Warhol himself, in makeup and blond wig, impersonates Monroe in some early 1980s silver gelatin prints by Christopher Makos. Photos by Alida Walsh, Tina Bara, and Robert Zahornicky also feature impersonations ranging from passable to blatantly fake. They're interested in the idea of Marilyn Monroe, as is Austrian artist Erwin Wurm when he dispenses with the actual woman altogether, presenting instead a simple pencil drawing of a man called Thinking About Marilyn.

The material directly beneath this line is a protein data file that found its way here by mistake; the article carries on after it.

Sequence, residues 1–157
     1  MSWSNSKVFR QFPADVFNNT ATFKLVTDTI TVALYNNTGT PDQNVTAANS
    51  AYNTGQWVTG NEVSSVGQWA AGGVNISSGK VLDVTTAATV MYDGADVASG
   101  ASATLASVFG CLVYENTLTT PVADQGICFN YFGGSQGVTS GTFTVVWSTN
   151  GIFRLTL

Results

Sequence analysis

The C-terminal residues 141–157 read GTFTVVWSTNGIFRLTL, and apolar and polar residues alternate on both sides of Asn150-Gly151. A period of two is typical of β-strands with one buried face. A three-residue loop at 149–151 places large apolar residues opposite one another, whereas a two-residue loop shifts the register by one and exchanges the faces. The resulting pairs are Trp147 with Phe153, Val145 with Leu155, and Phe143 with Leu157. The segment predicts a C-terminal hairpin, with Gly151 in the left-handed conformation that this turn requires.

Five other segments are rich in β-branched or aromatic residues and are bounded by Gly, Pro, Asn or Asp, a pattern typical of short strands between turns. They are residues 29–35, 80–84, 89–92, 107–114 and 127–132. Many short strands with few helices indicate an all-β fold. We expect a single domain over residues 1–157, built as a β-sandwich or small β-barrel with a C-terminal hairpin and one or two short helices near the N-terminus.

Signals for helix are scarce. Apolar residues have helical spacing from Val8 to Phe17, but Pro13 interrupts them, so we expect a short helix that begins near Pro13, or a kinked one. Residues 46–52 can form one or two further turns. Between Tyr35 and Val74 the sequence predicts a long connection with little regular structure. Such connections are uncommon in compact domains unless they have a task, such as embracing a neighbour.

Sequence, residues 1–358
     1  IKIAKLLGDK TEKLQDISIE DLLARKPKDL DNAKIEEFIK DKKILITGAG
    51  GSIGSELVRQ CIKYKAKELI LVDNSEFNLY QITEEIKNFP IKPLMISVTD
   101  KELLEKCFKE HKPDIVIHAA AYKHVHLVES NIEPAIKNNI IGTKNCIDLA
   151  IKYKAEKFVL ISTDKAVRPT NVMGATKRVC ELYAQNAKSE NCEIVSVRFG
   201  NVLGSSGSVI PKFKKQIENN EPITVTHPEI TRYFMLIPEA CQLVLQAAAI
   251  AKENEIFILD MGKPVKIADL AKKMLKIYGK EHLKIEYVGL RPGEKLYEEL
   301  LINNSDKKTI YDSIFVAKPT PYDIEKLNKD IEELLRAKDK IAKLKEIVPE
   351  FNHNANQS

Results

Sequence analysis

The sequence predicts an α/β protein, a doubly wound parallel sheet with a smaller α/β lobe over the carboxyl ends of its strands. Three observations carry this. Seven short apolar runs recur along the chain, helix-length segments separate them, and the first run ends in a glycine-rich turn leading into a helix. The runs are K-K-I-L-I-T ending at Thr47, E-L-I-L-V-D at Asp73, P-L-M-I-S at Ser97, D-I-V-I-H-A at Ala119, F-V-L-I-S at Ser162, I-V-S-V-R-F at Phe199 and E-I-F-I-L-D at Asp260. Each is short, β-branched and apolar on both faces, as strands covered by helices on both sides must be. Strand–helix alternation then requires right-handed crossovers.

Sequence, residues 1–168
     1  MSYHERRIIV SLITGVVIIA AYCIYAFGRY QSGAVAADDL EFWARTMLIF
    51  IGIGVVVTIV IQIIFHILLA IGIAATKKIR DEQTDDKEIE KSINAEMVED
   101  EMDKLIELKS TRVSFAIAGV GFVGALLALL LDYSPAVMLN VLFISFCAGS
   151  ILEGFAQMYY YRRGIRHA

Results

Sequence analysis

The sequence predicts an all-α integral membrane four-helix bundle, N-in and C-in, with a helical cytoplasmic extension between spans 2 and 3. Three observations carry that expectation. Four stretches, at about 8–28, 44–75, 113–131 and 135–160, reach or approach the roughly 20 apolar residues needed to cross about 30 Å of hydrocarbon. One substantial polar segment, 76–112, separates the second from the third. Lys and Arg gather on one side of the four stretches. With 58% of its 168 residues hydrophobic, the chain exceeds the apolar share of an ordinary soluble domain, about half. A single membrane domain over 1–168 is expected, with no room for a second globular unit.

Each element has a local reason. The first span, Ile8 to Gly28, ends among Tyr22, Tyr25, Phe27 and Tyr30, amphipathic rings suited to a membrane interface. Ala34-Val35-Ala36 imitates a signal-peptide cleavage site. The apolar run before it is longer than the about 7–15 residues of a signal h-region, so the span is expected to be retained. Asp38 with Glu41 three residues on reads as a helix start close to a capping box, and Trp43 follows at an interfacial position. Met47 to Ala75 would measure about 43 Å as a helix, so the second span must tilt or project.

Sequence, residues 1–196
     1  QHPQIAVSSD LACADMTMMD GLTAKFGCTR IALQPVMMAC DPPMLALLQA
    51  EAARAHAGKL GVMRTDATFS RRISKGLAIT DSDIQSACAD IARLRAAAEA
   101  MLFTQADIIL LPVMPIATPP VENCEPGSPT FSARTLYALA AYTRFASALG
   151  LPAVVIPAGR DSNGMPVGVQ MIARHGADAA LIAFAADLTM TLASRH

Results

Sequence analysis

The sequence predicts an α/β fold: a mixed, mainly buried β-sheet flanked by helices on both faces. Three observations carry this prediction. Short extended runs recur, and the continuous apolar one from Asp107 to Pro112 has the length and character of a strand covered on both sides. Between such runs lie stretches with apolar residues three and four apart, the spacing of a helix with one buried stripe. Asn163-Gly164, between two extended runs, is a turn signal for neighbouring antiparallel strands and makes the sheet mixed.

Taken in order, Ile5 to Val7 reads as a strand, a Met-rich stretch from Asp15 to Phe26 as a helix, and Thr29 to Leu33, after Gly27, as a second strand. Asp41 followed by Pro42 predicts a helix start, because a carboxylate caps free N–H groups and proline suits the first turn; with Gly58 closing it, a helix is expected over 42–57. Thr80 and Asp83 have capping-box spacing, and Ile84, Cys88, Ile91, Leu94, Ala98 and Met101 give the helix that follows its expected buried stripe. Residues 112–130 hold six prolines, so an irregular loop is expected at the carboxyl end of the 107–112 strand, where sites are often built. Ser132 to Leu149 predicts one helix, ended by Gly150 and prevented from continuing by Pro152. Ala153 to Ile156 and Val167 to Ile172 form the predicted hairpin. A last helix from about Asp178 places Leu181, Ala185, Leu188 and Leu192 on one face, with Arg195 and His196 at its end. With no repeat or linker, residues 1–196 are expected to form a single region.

All of which add up to the not especially original notion that Monroe is ultimately beyond our reach. She long ago moved on to that realm inhabited by Elvis and James Dean and others whose fame eventually eclipsed them. As poet Thom Gunn wrote in "My Sad Captains," "they withdraw to an orbit/and turn with disinterested/hard energy, like the stars." Like the artists whose work is included in this exhibition, we are now free to project whatever we want onto Marilyn Monroe. She becomes ours, if only in our imaginations.